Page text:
There is no one way to learn a piece of music. Some musicians can pick up scores very quickly, for others sight reading is a strength, some can memorize very quickly. Each of these components are different parts of the music learning skill set. Stage singers have many things on the go in any one performance: music and text memorization, blocking, tracking your props, making the blocking an authentic part of your character, keeping in contact with the conductor... the list goes on! This is why opera only truly exists and thrives in the live theatre- it is a living, breathing entity which requires a myriad of moving parts to relay its meaning to an audience.
When presented with a new operatic role (but this can apply to any new piece), this is my ideal process: -Go through the entire score, looking for the comings and goings of my character, highlighting my part -translate the score and IPA where necessary
-Learn the text in rhythm
-Learn the notes
-Marry the two previous factions
-bring the entire score to as many coachings as I can
-take as much of the score, especially the vocally tricky bits to my teacher
-read the original source
Now, here's what usually happens: -Fret about which highlighter colour I should use for my character. Is Elettra more orange or purple!? THE TURMOIL -Scan through the score, looking for all the high notes, pitting my jealousy against those with more high notes -Scan the score for arias. Where are all my diva moments?! -Translate the score (I actually love this part), but half-ass the IPA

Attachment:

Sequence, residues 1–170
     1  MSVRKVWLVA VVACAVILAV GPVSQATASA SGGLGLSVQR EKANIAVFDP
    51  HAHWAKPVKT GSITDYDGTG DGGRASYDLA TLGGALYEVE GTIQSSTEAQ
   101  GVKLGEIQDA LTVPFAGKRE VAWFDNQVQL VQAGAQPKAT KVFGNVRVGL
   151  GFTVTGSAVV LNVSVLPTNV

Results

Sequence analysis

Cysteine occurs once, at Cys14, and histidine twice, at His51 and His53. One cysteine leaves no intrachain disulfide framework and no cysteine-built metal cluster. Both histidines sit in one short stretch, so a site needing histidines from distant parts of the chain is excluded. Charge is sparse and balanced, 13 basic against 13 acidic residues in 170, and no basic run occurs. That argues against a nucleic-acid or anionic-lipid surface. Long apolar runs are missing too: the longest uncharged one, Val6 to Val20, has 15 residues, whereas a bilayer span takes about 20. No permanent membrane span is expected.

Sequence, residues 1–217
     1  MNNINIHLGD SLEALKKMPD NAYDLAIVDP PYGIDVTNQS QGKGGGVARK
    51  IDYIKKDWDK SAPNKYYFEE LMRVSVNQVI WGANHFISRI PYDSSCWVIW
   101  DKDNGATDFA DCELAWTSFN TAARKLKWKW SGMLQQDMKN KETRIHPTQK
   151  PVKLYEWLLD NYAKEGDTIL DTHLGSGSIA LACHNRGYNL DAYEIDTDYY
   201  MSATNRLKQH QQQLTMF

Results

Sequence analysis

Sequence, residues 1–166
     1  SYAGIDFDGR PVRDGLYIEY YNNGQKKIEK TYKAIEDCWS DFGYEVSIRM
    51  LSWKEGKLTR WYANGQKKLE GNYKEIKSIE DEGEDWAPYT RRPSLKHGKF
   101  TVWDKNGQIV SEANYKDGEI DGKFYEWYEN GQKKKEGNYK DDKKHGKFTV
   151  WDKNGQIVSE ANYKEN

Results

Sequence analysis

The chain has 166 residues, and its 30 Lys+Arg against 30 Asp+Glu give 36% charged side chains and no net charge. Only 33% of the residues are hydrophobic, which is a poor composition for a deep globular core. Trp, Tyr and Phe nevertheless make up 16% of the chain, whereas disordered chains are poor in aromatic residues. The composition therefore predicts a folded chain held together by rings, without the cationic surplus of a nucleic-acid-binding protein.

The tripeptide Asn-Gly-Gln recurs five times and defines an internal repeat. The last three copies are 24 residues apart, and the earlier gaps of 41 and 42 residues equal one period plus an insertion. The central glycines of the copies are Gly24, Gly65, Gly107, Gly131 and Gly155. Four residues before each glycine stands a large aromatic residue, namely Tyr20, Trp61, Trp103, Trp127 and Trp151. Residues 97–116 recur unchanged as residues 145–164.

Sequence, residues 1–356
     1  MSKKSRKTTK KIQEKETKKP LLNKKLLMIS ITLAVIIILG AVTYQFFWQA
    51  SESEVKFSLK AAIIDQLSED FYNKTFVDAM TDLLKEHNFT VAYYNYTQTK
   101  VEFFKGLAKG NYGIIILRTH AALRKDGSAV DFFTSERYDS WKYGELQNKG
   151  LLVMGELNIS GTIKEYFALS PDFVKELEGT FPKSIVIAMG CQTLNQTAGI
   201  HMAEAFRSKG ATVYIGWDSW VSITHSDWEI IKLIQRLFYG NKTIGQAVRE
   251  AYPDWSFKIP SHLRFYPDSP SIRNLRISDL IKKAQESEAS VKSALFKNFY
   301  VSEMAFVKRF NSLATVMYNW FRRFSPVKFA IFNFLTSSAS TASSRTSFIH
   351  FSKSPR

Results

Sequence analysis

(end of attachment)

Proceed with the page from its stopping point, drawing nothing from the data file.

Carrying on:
-Bash throught he score as often as I can, focussing on arias and cool ensembles -Counting rests? Who does that? -Get shamed by my coach for my terrible rhythm
I like to give myself lots of time to learn things. Especially for big pieces, I need to leave myself room and permisson for a crucial bit of learning: failure. Mistakes are humanity's great teacher and I am no exception. Your technique resides in the moments when you regain your bearings after faltering, whether it's on stage or in the practice rooms. For me, technique means that you are taking responsibility for your instrument and musicality, giving yourself time and space to do the learning you require. For me and for many of my big-voiced colleagues, that means a careful learning process and allowing yourself more time than you think to let all the pieces fall together. Training a voice needs to be a discovery, not a construction zone.
This is an ever-evolving process. We are never done learning, regardless if we are in school or performing on a professional world stage. We are never prepared enough, so it's best to over-prepare.
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